Jaguar confirms small saloon – and gets the thumbs up from Number 10

Published: 10 September 2013

Jaguar will launch a small saloon beneath the XF in 2015, the company confirmed on the eve of the Frankfurt motor show. The baby Jag (seen testing as a disguised evaluation mule in our spy shots gallery) will be constructed from aluminium and built in the West  Midlands, creating around 1700 jobs. The news prompted a call to Jaguar from the office of Prime Minister David Cameron, offering Number 10's congratulations and support with the company's product expansion.

Jaguar's new sports saloon: the confirmation

Speaking at the world premiere of Jaguar's C-X17 concept, a crossover SUV that will be spun off the same aluminium architecture as the small saloon, Jaguar brand chief Adrian Hallmark said: 'With our intelligent aluminium architecture, we have the technology [to support] our future products, and the flexibility for a range of cars. The first car on this architecture will be delivered in 2015. It will be a small saloon, priced below the XF.'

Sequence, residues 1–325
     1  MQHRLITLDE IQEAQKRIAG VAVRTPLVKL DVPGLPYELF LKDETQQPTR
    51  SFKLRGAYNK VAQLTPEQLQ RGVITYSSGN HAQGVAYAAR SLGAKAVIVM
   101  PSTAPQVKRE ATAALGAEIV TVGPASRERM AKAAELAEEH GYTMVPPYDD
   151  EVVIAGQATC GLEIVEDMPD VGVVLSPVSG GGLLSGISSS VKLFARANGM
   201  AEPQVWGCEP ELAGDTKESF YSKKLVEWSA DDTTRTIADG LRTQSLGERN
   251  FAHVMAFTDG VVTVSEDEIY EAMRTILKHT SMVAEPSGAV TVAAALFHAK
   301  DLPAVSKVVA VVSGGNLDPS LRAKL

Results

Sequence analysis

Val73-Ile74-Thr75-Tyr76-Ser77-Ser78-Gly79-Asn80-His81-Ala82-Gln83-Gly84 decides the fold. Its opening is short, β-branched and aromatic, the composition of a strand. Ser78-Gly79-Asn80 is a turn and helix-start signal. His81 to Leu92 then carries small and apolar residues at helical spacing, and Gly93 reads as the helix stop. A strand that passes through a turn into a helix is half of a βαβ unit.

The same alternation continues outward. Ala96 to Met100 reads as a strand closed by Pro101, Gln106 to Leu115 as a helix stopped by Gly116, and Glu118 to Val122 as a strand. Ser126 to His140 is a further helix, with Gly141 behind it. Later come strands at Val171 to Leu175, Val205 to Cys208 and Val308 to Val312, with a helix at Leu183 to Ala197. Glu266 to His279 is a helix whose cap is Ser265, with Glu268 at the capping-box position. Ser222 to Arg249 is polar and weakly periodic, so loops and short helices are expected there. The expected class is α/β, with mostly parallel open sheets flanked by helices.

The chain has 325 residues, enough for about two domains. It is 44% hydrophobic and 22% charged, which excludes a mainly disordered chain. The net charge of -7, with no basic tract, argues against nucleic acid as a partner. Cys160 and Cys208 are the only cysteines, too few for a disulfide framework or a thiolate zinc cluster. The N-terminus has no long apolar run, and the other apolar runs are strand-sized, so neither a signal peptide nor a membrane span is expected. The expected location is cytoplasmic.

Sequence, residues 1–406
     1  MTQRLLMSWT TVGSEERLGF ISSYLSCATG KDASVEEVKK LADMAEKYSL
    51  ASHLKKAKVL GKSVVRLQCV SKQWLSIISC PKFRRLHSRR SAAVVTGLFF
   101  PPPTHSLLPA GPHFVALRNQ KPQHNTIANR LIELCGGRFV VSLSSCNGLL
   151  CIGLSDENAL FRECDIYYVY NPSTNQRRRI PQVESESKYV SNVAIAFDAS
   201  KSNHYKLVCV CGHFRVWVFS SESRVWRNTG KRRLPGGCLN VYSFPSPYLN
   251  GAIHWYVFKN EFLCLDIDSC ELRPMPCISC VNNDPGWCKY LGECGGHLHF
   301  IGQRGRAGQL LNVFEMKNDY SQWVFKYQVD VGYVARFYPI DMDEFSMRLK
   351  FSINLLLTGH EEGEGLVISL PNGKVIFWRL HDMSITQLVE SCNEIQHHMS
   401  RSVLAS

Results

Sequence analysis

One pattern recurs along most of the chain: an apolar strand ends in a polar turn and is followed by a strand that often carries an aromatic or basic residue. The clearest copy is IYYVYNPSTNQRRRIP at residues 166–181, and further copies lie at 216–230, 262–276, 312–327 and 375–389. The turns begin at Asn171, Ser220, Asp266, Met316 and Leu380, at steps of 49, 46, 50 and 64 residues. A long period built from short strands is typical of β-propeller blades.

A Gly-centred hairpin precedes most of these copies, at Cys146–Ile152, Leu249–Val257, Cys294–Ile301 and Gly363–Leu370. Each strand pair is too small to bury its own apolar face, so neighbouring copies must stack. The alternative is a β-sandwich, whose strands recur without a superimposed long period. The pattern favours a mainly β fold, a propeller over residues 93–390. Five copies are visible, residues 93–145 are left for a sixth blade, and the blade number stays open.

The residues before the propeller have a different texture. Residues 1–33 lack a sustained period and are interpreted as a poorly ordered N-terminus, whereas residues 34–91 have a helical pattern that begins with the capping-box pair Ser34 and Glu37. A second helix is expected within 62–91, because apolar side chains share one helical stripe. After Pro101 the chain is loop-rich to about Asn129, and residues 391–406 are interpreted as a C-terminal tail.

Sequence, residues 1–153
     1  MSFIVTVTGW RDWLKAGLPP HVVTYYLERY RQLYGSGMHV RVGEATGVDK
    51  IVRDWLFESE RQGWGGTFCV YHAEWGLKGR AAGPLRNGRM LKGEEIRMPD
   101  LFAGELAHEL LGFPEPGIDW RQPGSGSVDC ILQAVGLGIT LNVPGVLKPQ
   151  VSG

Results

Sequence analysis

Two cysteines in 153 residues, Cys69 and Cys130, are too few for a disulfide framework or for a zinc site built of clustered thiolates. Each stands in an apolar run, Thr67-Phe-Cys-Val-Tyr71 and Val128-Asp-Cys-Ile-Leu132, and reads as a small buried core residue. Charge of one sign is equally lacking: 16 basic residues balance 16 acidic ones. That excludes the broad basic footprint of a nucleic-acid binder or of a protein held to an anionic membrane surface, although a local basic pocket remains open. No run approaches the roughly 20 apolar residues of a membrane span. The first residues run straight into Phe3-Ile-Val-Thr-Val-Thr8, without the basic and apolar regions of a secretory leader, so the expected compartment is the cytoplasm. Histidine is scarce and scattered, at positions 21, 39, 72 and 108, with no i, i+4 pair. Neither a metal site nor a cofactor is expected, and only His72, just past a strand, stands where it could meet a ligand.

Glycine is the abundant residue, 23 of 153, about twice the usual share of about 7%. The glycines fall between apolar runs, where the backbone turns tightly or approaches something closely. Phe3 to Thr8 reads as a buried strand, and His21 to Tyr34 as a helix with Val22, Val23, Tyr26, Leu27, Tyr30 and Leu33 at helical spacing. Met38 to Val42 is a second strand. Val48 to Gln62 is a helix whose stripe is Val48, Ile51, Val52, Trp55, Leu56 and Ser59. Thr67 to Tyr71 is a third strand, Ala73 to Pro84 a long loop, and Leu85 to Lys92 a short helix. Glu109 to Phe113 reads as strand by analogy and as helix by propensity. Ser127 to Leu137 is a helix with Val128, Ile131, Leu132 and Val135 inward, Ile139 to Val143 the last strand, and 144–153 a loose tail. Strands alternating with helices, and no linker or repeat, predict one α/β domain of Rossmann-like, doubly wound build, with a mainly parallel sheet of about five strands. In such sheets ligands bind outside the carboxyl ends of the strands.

The aluminium monocoque chassis will be fitted with four-cylinder petrol and diesels, that will emanate from the new Wolverhampton engine plant in 2015. Hallmark continued: 'This saloon will have an unparalleled blend of performance and efficiency, with the range offering less than 100g/km of CO2 and 300kph (186mph). The car will be a true Jaguar, and will revolutionise the segment.'

So BMW 3-series beware – and the bland new X5, if Jaguar puts its C-X17 concept into production. CAR attended the premiere, intrigued to see if Jaguar design could work successfully on an SUV. The C-X17 has the presence and impact of Lamborghini's Urus SUV, but with much more lithe and graceful detailing. Jaguar's saloon face translates convincingly to the taller nose, while the rear graphics –F-type lamps and sports car rear wings - ensure the C-X17's best angle is from the rear.

While there's been some soul-searching within Jaguar Land Rover about whether a production C-X17 would trample on Range Rover's turf, JLR CEO Dr Ralf Speth slapped designer Ian Callum on the back in front of CAR, and congratulated him on the concept's reception. To which Callum shot back, 'are we going to build it then?' Dr Speth's response was a broad smile and a sharp exit, but Jaguar has to build this car. The SUV segment continues to mushroom, and the graceful and classical C-X17 has a very different feel from the more geometric and modernist Range Rovers. After all, why have just one slice of the pie?

By Phil McNamara

Editor-in-chief of CAR magazine

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